People of the young republic in Cathedral Square, Panama


Material Information

People of the young republic in Cathedral Square, Panama
Physical Description:
Angrick, Bill ( donor )
Underwood & Underwood, Publishers
Place of Publication:
New York
Publication Date:


Subjects / Keywords:
Plazas   ( fast )
Streets   ( fast )
Spatial Coverage:
Panama -- Central America -- Panama City


Many people milling about in Panama City's Cathedral Square.
Scope and Content:
Brothers Elmer and Bert Underwood founded Underwood & Underwood in 1880 in Ottawa, Kansas. Starting with door to door sales and eventually branching out into freelance photography work, the brothers' company grew large enough to relocate to New York City in 1891. At the turn of the century the firm was selling 300,000 stereographs a year. After stereograph production was discontinued in the 1920s, Underwood & Underwood sold its stereographic stock to The Keystone View Company. Source:
Gifted on behalf of William P. and Barbara L. Angrick

Record Information

Source Institution:
University of Florida
Holding Location:
Panama Canal Museum Collection at the University of Florida
Rights Management:
Public Domain Presumed (e.g. expiry of copyright term): This item is presumed to be in the public domain. The University of Florida George A. Smathers Libraries respect the intellectual property rights of others and do not claim any copyright interest in this item. Users of this work have responsibility for determining copyright status prior to reusing, publishing or reproducing this item for purposes other than what is allowed by fair use or other copyright exemptions. Any reuse of this item in excess of fair use or other copyright exemptions requires permission of the copyright holder.
Resource Identifier:
accession number - 2013.2.69
System ID:

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Full Text

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'IS I ~:We are in front of the cathedrall and only a few
riS:hi4tes walk from the water-front. The buildings we
see at the farther side of the square and down the street
Beyond are business offices, shops, hotels and tiih -Te.
SMany of the shops are very good, for this is a place with
a population of 30,000. This space within the iron fence
is a public garden and pleasure ground much frequented
because of its generous supply of seats under the trees
where people can listen to band-concerts, chat and smoke
or find entertainment in watching trhe passers-by. The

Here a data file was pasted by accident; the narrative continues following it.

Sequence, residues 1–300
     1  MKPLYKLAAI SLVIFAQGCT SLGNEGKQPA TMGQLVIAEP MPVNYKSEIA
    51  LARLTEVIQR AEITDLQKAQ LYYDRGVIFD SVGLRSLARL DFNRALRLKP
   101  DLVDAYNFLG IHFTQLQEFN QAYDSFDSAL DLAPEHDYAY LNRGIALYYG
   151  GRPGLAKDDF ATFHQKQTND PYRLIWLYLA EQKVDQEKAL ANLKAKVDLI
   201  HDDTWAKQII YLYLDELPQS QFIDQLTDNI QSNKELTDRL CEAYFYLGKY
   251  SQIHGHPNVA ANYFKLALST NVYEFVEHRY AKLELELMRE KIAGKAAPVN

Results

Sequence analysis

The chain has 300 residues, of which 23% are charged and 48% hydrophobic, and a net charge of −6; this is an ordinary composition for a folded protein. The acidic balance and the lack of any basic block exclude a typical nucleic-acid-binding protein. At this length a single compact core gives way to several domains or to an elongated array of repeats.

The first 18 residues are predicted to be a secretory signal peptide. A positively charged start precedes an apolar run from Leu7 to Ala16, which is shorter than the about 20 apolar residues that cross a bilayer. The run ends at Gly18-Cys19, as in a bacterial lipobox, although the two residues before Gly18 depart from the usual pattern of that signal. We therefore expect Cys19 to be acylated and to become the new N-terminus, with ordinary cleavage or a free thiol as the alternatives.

substantial pavement of this cross-avenue ia one of Pan-
ama's modern improvements; it used to be stony and
muddy. Now, even when a November rain is falling as
it is at this moment, the Panamanian to the i-manner bIxrn
does not mind a trifle like tlat. As we see, people even
sit on the park benches, talking with their friends, regard-
less of the steady drizzle wlhicl covers the pavement.
All nationalities may be seen here at one time or an-
other. The true Panamanians speak Spanish anmoin
themselves but often speak English also. They are usually
Catholics, like most of their South American co.usins. A
number of Hebrews have established themselves ;1- bus-
iness here in Panama and are prosperous. West Indian
negroes are numerous; there are some Frencn citizens

Wvho stood by their adopted home when the Canal change
hJands; Americans from the United States are of course
an increasing element in tlie community. Passengers
wlho have landed at Colon from European steamships and
come across the Isthmus by rail to connect with some
P-acific line may be of almost any nationality.
Tlie local government of the city is in the hands of
Panamanian citizens, but the United States assumes cer-
tain control over municipal sanitation.

From Notes of Travel, No. /0, copyright
Ufidc. wood.

by Underwood &-

People of the young republic in Cathedral Square,
Habitants de la jeune R6publique, dans la place de la
Cathedrale, Panama.
i~iirgcr- her junlicn 'Jicpublif c au bent iSatlcbralplat e,
1'anal n11a.
Habitantes de la joven Repiblica en la plaza de la
Catedral, Panama.
Den nya republikens folk ,I Katedraltorget i Panama.
Hapo)As MoaJoAoii peny6.anjiii Ha Co6opHoli nJaougaAR,

I a a I a II la anra

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